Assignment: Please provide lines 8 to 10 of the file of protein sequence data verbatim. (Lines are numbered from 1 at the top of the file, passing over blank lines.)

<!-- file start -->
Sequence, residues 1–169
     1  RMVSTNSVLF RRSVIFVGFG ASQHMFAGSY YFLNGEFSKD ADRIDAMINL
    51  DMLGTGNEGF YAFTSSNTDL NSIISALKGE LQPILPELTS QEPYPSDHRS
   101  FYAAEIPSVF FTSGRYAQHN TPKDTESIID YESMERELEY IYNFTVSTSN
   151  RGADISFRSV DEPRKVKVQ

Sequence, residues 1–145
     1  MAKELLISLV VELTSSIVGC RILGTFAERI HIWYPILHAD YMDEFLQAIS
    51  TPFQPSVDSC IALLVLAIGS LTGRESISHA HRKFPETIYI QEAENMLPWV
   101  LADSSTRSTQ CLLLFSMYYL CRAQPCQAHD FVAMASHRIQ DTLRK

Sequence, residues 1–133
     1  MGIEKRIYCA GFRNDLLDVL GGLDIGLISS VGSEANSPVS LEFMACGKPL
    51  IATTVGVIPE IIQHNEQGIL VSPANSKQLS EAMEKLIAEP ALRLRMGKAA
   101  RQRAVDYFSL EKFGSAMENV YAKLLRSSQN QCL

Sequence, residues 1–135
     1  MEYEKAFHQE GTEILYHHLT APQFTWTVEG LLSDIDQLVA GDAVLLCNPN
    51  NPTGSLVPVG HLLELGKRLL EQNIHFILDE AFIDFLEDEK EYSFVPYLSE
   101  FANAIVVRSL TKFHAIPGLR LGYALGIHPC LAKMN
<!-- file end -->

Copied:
    51  TPFQPSVDSC IALLVLAIGS LTGRESISHA HRKFPETIYI QEAENMLPWV
   101  LADSSTRSTQ CLLLFSMYYL CRAQPCQAHD FVAMASHRIQ DTLRK

Sequence, residues 1–133